Seniors’ passes may rise from $95 to $150 but low income pass to stay at $15

Calgary Transit has proposed raising the price of the annual seniors’ transit pass from $95 to $150 per year by late 2014, according to a report sent to city council Sept. 3, 2013.

The seniors’ pass has already had a three-fold increase from $35 to $95 between 2011 and 2013.

“It’s $95 bucks a year, right. So that’s still a very good deal,” said Ron Collins, the spokesperson for Calgary Transit. “I think our rates for the senior citizens is actually still probably the lowest in the country or among the lowest in the country for sure.”

This chart from Calgary Transit shows the threshold for qualifying for the subsidized passes. Calgary Transit notes the members applying must “have a combined family income lower than the amount in the chart.”

Chart from Calgary TransitCollins added: “This was the first time in memory that the seniors’ pass had been adjusted and it was probably time to adjust. We did get feedback from seniors in Calgary that they thought to raise it to $95 a year was still a good deal and that they were more than willing to accept that.”

“One of those senior citizens is Walter Brown, 89 (No relation to author of this story). He said the potential buss pass price increase doesn’t faze him.

“I’ve always said that if it went up to a hundred that I wouldn’t mind,” Brown said.

Brown frequently uses Calgary Transit, even more now since he stopped driving three years ago.

Brown said he believes Calgary Transit is a great system, adding he has seen a lot of people take advantage of the system, riding for free on a daily basis.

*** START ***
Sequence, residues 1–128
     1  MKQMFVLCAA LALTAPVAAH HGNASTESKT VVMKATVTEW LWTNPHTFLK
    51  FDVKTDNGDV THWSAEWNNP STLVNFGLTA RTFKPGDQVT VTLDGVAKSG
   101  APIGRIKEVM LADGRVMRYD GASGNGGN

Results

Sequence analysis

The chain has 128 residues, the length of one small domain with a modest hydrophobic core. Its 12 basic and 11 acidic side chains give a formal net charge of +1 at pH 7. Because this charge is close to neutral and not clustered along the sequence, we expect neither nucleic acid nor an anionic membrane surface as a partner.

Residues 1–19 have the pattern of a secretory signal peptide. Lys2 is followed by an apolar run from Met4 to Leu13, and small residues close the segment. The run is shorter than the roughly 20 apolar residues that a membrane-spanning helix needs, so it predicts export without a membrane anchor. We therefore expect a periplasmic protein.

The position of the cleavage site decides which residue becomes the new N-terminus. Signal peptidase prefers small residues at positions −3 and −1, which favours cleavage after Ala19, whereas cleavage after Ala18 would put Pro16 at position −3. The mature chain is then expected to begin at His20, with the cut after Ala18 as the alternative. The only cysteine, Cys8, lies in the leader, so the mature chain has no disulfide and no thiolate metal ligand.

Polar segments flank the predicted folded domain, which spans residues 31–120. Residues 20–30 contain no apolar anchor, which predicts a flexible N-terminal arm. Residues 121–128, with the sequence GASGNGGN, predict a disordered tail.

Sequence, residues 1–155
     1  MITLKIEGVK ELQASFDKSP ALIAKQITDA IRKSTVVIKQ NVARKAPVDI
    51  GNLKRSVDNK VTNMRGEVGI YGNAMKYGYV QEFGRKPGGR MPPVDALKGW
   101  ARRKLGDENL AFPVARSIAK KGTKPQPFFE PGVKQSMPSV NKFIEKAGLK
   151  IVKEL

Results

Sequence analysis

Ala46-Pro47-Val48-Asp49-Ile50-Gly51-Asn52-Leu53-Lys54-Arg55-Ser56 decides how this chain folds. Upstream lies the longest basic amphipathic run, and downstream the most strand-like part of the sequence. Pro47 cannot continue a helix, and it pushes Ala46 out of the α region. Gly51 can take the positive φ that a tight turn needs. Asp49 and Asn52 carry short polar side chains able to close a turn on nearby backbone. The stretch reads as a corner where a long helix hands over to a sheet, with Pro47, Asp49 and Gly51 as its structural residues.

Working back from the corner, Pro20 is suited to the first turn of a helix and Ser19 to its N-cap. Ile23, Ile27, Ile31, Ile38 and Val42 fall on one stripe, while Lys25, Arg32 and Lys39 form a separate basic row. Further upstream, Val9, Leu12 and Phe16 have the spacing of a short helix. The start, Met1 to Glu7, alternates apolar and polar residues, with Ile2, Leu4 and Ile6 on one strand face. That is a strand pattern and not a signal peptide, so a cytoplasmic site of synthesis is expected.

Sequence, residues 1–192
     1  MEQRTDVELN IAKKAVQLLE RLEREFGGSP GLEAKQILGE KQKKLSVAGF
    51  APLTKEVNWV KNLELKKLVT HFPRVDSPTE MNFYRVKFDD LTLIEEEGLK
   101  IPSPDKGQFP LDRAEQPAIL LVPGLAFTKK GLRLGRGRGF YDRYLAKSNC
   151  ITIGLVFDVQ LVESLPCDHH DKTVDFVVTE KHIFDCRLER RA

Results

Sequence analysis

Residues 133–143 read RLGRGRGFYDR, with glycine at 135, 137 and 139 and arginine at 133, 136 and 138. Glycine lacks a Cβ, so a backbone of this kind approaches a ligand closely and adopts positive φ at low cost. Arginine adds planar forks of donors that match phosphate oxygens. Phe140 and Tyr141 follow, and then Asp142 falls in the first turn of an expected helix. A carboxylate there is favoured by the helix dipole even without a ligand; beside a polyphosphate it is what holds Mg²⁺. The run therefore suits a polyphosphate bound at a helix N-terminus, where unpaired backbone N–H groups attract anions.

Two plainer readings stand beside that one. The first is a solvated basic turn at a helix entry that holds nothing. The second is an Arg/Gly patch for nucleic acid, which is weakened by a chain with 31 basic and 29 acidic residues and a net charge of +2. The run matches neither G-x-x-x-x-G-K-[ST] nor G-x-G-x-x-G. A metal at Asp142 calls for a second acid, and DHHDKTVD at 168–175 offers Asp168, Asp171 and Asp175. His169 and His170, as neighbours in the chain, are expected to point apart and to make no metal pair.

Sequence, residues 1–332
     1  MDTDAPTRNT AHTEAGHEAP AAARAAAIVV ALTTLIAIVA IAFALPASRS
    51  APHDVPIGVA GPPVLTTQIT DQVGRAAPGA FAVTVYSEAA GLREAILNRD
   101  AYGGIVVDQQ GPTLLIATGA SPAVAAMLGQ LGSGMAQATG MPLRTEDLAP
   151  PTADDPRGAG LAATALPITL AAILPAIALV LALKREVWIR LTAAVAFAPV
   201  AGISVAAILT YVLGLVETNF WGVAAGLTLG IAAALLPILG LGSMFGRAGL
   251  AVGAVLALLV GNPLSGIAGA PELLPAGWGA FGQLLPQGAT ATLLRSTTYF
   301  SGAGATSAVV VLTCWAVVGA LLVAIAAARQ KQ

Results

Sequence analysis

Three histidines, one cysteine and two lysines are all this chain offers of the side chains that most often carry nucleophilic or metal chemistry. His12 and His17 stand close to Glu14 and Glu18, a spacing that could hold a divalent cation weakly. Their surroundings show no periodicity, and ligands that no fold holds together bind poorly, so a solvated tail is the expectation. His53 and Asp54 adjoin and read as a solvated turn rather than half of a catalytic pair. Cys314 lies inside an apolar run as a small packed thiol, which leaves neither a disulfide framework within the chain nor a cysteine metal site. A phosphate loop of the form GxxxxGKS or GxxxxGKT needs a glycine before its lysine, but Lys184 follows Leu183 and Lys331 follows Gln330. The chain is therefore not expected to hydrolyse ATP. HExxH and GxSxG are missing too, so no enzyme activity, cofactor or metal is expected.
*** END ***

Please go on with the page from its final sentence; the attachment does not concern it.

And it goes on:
“There are a lot of people that ride for nothing. They do. They cheat, cheat, cheat,” he said. “But if we got it for free, that would just be wrong.”

“It seems to me that now there is only one low option with the rest being all high. It’s not really fair.”

– Liza Chan, executive director of Calgary Chinese Elderly Citizens’ Association

Though Brown said he understands there are some Calgarian seniors who should have access to the subsidized passes, he believes wealthier individuals should pay the full price to access transit.

Seniors’ passes are available for those 65 and over, and a low-income option is available for $15 annually. Neil McKendrick, manager of transit planning, said that there are 29,500 total seniors’ transit passes available — 17,500 for regular seniors and 12,000 for low-income seniors.

Sponsored immigrants may not qualify for low income

Walter Brown, 89, depends on the busses but said that he is not bothered by the potential price increase in seniors’ bus passes from $95 to $150.

Photo by Kaity Brown  Liza Chan, executive director of the Calgary Chinese Elderly Citizens’ Association, said she thinks the seniors’ low-income transit pass is very reasonable. However, she expressed concerns over the eligibility for immigrants.

“I noticed that the City of Calgary’s fee subsidy program recently had something change.” she said. “Some of our seniors had gone to apply for the fee assistance program and they were told that if they are a sponsored immigrant that they weren’t eligible and they need to account for their household income.”

Because a number of immigrants live with their children or other family members, Chan said their total household income would be too high to apply for the $15 seniors’ pass — despite having no jobs and very limited personal income.

“If they have to account for their children’s salary, they will never get it. And that isn’t their income – it has nothing to do with them,” Chan said.

Chan said she is also concerned about how quickly the seniors’ pass has increased over the past two years and the potential increase around the corner.

“It seems to me that now there is only one low option with the rest being all high. It’s not really fair.” she said, adding that a lot of seniors will not be able to afford the $150.

These changes are currently being discussed in the city, with the final decision to be made by city council in Nov. 2013.

kbrown@cjournal.ca